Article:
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Giving your attic proper insulation is one of the simplest ways to put a lid on your heating and cooling bills in Nebraska!
Depending on what you're starting with, you can drop your heating and cooling costs by 10 to 50 percent. But roof or attic insulation is actually the second step in reining in your energy bills. The first step is air sealing.
Some insulations, like spray foam, can act as both air barrier and insulation. Others insulation materials, like fiberglass and cellulose, require a separate step for air sealing, one that relies on caulking and other air barrier materials.
Which materials are best and how insulation you need in your attic are both dependent on the construction of your roof. Flat ceiling houses with attic trusses are the simplest to air seal and insulate, while houses with sloped ceilings and dormers constructed of solid wood are more challenging.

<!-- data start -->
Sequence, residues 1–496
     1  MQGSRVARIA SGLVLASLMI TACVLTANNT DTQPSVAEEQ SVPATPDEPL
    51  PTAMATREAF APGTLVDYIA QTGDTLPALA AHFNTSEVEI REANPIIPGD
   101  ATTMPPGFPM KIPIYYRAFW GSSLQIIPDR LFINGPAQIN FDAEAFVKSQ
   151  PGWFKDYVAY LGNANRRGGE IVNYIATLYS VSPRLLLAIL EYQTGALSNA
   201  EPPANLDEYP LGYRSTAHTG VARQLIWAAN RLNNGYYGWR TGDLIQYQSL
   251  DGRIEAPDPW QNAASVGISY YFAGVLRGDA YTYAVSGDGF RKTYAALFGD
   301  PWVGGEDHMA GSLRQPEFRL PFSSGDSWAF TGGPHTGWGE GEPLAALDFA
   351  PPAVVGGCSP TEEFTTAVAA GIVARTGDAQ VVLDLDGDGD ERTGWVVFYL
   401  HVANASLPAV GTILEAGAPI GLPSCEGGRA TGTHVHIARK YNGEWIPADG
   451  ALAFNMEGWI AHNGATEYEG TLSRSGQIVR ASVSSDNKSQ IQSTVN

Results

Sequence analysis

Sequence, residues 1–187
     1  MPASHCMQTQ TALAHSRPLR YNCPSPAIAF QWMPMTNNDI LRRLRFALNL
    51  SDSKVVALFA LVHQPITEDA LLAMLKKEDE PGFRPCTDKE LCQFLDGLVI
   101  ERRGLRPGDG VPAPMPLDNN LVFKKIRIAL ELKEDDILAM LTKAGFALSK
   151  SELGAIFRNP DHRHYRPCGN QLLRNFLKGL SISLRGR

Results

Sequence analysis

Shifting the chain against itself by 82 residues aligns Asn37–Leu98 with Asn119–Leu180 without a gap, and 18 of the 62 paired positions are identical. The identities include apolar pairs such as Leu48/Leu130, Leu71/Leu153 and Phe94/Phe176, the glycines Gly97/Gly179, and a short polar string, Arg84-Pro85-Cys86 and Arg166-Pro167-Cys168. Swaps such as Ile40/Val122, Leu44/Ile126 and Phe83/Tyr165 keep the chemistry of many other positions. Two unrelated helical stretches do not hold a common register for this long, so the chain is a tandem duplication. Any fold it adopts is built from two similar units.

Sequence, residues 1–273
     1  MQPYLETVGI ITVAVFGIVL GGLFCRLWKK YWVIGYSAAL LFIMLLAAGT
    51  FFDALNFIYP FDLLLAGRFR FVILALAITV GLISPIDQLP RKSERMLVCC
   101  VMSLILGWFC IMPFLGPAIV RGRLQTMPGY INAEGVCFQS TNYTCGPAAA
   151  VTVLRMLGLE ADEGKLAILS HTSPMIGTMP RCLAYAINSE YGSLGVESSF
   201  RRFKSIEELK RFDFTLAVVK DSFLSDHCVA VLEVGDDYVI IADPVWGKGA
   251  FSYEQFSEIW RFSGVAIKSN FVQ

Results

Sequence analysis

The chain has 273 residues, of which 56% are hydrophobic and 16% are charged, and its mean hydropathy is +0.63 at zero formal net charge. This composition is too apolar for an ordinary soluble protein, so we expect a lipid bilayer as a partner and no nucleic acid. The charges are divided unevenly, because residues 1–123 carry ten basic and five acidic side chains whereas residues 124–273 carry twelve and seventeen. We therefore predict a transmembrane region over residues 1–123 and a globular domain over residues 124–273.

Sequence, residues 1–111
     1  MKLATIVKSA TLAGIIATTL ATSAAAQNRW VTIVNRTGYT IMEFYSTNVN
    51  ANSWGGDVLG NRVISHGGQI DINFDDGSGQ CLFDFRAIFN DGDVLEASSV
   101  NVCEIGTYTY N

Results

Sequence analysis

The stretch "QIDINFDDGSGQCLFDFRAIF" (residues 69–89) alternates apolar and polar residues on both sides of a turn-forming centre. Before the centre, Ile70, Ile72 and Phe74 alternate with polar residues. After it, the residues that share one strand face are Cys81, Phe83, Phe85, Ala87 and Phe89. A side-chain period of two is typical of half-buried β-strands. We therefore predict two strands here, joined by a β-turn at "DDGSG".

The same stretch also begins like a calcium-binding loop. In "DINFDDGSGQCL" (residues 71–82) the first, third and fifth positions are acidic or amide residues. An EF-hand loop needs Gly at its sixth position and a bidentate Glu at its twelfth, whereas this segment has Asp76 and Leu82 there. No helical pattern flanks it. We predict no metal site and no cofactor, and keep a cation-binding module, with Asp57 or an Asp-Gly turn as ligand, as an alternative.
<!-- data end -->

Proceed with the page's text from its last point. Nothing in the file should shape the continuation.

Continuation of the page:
Fibrous insulation or foam insulation? What's the best for your Omaha home?
We need to know some things about your attic to figure out the best approach to improving your home performance, including:
American Energy Advisors provides an energy audit to determine what kind and exactly how much attic or roof insulation you need and whether or not a radiant barrier is suitable for your house. Our team will also point out severe air leakage areas around plumbing and electrical penetrations, attic hatches and top plates.
Your attic is not a storage area, no matter how romantic it sounds or looks in old books and movies. Fibrous insulation doesn't work if it's squashed flat under boxes and bins, or sheets of plywood. It needs air! Fibrous insulation relies on the spaces between the fibres -- the loft -- to slow down the rate of heat loss.
Any existing batt insulation that is compressed, wet or moldy has lost it's R-value (or thermal resistance) and is useless. It will need to be taken out and disposed of.
If your house was built before 1990 and you have a loose insulation that is lightweight with shiny flecks, it could be vermiculite -- it may have asbestos in it. We can work with you to get it tested and removed.
In cold climates like Nebraska, the Department of Energy recommends a minimum of R-49 for unfinished unconditioned attics. You may qualify for rebates or financing to help you make the target insulation values that will save you money for many years to come.